Little differences in digestive efficiency for protein and fat in mammals of different trophic guilds and digestive strategies: data constraints or fundamental functional similarity?
Carnivores and herbivores differ in their digestive anatomy and – presumably – digestive physiology. This is most evident with respect to the extent by which they harbour, and depend on, microbes for digestion (Stevens and Hume, 1998; Karasov and Martínez del Rio, 2007; Barboza et al., 2009). From carnivores to omnivores to herbivores, the contribution of microbes to digestive efficiency increases, in particular with respect to plant fibre digestion. At the same time, the morphological structures of the gastrointestinal tract that offer a habitat to these microbes – the so‐called fermentation chambers – become more prominent (Stevens and Hume, 1998; Karasov and Martínez del Rio, 2007; Barboza et al., 2009). In the literature on comparative digestive physiology, these differences are often emphasized. Herbivorous mammals are further differentiated by the location of the fermentation chamber into foregut or hindgut fermenters, and by their digestive physiology into non‐ruminant or ruminant foregut fermenters, and non‐coprophageous and coprophageous hindgut fermenters (e.g. Müller et al., 2013). Comparative analyses of digestive efficiency have traditionally been performed on a single trophic guild, such as within carnivores (Vester et al., 2008; Clauss et al., 2010) but especially with a large number of studies within herbivores (e.g. Foose, 1982; Udén and Van Soest, 1982; Clauss et al., 2008; Müller et al., 2013; Steuer et al., 2014; Hagen et al., 2015b). In particular, differences in fibre digestion and differences in the reduction in overall digestibility due to increasing dietary fibre levels (Demment and Van Soest, 1985; Hagen et al., 2015a) were investigated between herbivore species. Comparisons across the trophic guilds, in contrast, are rare. The most comprehensive data compilation is that of Robbins (1993; p. 296–297), who showed that true protein digestion (see below for a definition) hardly varies between species of different guilds.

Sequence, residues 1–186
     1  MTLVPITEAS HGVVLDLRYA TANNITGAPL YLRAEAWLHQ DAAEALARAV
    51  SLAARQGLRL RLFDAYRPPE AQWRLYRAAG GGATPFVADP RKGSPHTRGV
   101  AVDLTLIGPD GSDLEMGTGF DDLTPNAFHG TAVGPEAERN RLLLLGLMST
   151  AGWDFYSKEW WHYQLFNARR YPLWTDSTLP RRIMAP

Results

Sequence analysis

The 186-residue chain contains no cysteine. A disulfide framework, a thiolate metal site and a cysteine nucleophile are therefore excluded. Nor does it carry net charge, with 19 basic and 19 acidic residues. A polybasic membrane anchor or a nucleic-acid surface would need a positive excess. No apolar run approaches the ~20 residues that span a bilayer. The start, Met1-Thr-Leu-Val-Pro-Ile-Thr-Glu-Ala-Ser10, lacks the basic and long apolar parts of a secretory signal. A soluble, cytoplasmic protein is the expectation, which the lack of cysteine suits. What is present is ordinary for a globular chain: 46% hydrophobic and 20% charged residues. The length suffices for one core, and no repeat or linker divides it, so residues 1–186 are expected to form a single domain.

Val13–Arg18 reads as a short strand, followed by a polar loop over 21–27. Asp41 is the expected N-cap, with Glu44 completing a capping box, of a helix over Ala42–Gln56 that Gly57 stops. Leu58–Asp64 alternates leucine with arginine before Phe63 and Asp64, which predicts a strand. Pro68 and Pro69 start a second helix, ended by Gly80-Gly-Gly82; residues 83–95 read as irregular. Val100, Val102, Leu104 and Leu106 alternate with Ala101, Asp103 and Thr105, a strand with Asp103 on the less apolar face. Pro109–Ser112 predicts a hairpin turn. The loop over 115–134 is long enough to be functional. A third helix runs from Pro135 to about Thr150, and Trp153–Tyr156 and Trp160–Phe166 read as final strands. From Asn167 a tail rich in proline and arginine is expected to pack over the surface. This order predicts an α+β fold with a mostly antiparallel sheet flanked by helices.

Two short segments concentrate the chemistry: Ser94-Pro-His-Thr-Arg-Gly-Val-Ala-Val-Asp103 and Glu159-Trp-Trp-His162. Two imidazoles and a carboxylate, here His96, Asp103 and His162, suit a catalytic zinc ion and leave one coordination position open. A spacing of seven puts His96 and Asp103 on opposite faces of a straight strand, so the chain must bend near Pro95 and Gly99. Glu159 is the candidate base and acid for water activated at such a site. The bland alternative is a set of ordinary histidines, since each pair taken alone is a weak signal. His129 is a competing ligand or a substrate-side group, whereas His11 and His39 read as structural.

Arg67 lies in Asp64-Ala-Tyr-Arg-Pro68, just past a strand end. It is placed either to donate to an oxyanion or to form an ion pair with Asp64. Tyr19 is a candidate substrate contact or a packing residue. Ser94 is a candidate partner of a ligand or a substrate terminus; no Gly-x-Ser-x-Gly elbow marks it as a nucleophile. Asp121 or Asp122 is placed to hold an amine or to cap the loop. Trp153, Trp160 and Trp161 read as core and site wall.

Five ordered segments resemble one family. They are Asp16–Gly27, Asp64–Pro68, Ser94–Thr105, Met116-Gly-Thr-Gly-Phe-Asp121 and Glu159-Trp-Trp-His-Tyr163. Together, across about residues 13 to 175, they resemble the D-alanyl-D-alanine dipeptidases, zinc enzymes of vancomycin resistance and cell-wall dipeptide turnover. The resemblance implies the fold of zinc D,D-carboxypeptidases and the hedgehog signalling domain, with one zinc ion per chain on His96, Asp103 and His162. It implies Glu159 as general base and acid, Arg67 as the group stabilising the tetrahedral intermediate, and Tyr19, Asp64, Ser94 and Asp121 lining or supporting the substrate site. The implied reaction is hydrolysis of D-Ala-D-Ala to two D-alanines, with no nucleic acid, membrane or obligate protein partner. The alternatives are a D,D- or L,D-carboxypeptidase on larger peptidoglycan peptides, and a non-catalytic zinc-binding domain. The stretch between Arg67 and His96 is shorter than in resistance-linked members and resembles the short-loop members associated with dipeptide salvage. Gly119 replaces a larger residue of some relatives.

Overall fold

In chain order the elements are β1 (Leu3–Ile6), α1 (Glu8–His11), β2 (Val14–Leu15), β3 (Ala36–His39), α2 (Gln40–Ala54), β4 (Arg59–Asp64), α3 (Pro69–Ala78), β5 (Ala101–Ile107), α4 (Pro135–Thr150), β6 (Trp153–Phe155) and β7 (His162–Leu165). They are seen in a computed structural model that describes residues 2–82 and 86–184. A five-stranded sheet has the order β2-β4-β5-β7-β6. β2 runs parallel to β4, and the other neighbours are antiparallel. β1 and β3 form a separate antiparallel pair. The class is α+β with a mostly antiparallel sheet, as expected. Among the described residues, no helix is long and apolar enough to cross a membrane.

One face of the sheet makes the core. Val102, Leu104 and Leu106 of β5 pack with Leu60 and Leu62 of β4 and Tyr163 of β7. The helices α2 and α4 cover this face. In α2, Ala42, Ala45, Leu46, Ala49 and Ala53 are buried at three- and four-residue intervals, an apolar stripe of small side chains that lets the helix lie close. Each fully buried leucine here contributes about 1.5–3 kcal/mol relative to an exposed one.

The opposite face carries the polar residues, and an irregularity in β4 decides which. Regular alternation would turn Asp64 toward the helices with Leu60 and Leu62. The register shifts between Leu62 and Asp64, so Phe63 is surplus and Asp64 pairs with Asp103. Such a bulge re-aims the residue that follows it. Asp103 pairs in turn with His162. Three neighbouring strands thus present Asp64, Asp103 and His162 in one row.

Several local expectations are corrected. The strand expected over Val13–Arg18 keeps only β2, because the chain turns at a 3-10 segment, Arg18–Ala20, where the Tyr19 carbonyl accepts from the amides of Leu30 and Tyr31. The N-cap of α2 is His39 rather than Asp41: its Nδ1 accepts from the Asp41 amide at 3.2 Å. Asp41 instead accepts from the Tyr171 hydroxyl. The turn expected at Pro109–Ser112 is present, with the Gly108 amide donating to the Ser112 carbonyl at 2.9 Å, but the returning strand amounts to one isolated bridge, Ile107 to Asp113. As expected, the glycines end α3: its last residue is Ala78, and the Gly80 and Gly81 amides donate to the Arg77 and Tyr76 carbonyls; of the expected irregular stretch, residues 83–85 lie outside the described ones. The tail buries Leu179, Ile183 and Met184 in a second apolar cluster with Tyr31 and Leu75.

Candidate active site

In contrast, such comparisons have been made with respect to nutrient requirements, in particular with respect to protein. They indicated metabolic adaptations to dietary niches, such as the particularly high protein requirement of domestic cats and other obligate carnivores (Morris, 2002) or the particularly low protein requirements of nectarivores (Smith and Green, 1987). Correspondingly, differences in digestive efficiency appear intuitive. They could be explained theoretically by ultimate causes, such as an increased efficiency compensating for a low dietary nutrient content (as protein in herbivore diets), or by proximate causes of digestive physiology, such as a decreased efficiency due to high metabolic losses of a nutrient (for example via the excretion of microbial matter in animals relying on microbial fermentation of plant fibre).
The apparent digestibility (aD) measures the difference of the amount of a nutrient that is ingested and the amount that is excreted via faeces (Schneider and Flatt, 1975; Robbins, 1993).